the powerpoint is here

(download for the animations to work)

it's a good way to introduce expressions, with some conventions for writing a sequence of operations as an expression and then manipulating such algebraic expressions

initially students input a range of numbers and work out the outputs

"try some simple numbers then some harder ones - maybe big numbers, fractions, decimals, negative numbers"

for integer inputs, by looking at the output numbers, students can find a 'short cut' rule

this is helped by the output numbers all being even

"what happens?"

rather than needing 3 operations you can use a 'shortcut', of two operations

or (deliberately designed to have an alternative)

+ 1, x 2

students can then explore a shortcut rule using 'm' for a million, 'b' for a billion etc. as an input number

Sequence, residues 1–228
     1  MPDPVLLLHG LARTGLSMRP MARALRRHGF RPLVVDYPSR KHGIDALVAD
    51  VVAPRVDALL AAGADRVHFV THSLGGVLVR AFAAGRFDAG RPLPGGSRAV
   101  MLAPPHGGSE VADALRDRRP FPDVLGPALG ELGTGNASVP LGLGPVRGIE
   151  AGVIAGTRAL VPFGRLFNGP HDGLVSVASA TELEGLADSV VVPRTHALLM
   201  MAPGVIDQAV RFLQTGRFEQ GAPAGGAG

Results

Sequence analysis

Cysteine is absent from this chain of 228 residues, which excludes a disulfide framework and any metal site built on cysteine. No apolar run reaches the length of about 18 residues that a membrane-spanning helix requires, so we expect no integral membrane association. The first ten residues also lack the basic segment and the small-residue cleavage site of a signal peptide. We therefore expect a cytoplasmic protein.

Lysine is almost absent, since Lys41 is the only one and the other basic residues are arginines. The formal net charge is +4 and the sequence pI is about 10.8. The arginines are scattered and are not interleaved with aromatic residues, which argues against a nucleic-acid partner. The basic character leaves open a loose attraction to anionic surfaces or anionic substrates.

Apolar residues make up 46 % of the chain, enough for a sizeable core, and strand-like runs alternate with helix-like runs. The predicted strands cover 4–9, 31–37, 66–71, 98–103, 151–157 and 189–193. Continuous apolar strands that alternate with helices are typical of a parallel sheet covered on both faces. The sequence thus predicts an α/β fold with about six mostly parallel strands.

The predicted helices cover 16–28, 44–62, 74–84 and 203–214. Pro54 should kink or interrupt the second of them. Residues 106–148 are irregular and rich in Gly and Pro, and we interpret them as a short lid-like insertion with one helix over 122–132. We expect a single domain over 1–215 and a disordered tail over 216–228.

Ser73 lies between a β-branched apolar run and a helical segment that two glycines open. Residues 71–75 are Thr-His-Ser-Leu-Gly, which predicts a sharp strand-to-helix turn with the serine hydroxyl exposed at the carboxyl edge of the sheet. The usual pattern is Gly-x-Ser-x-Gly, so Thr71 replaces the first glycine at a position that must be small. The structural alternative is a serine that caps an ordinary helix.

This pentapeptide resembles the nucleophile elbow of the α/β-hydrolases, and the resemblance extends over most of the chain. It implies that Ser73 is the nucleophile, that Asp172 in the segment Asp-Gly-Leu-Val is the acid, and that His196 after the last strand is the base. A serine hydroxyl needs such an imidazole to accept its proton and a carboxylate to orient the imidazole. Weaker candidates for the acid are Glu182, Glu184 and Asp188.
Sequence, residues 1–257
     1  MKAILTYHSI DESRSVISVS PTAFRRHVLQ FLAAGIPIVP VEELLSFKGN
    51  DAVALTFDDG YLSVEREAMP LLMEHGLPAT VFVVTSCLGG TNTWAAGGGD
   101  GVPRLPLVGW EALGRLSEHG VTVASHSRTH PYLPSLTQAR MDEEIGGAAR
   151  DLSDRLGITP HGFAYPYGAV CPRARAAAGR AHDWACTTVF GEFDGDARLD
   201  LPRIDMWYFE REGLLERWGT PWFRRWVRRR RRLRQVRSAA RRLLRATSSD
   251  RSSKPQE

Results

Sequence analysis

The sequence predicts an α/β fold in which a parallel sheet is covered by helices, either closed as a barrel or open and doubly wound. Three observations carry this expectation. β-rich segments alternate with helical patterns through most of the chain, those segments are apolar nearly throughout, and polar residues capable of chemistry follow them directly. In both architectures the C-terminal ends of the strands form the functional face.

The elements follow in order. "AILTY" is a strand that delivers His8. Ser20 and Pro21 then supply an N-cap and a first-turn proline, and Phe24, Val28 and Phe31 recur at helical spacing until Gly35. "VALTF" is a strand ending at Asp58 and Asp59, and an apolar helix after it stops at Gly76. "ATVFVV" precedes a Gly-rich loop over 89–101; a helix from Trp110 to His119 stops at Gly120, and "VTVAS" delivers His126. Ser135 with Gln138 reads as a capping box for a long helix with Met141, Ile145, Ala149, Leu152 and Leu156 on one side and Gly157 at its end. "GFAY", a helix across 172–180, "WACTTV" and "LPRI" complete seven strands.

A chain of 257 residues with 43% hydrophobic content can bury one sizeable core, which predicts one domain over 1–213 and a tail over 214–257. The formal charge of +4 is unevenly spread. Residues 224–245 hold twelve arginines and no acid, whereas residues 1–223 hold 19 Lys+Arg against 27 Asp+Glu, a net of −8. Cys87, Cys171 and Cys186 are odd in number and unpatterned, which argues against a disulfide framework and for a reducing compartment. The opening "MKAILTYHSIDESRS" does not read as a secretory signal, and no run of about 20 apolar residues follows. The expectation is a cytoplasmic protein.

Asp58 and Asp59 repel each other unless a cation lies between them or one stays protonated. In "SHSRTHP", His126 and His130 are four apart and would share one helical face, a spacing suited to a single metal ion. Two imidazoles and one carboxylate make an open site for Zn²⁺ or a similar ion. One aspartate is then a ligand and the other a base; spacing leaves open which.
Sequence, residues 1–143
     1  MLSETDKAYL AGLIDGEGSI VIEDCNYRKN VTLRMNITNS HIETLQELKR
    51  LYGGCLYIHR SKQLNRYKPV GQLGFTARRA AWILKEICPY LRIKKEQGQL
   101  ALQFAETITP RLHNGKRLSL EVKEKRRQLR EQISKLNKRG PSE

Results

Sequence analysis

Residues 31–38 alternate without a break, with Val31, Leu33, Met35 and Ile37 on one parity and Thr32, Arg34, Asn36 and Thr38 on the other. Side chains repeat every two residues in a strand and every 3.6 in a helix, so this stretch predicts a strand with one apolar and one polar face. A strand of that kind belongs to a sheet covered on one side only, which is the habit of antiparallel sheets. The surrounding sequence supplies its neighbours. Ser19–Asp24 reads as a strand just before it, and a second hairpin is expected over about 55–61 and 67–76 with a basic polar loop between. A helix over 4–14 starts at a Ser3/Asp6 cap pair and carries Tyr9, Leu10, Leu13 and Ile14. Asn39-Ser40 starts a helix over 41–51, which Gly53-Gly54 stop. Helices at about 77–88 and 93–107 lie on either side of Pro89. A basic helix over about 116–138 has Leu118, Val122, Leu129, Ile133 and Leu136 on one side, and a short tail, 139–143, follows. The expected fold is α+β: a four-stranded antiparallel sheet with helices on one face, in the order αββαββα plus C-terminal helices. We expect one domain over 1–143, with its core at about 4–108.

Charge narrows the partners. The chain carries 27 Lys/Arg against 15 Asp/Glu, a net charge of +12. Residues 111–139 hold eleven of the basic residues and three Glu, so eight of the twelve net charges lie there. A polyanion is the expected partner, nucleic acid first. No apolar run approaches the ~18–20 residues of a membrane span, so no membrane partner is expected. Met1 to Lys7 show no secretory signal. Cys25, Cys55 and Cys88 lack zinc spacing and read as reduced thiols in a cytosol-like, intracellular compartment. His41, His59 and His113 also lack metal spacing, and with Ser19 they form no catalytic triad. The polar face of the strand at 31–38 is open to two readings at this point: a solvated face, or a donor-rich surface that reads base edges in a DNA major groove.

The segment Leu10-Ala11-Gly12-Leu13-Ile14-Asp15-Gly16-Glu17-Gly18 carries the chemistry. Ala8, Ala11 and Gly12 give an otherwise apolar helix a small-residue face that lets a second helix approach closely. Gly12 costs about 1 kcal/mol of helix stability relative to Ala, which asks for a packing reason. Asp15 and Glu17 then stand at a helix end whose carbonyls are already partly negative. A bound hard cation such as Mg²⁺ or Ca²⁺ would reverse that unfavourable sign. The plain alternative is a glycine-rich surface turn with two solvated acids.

here's the script:

"let's check out the rule (shortcut of x 2, + 2) for a really big number"

"what's a really big number?"

"no, 3425 is too small"

"OK, a million is good - how many noughts in a million?"

"oh, that's too big, I think I'll just write 'm' for a million"

"a million (m) add 3 is?"

[m + 3] sometimes they say m3 to which you appeal to worldly conventions

"then multiply by 2 is?"

[2m + 6]

"subtract 4 is?"

[2m + 2]

"does this fit with the rule?"

"why is this the same as + 1 then x 2?"

this encourages writing expressions in an appropriate manner

later work can involve using an expression as an input e.g. 3m + 2

other sets of three (or more) operations can be introduced:

and shortcuts established:

x 5 then + 10

or

+ 2 then x 5

all expressions can be written in two ways

to practice a use of brackets

simple factorisation

this encourages a use of brackets

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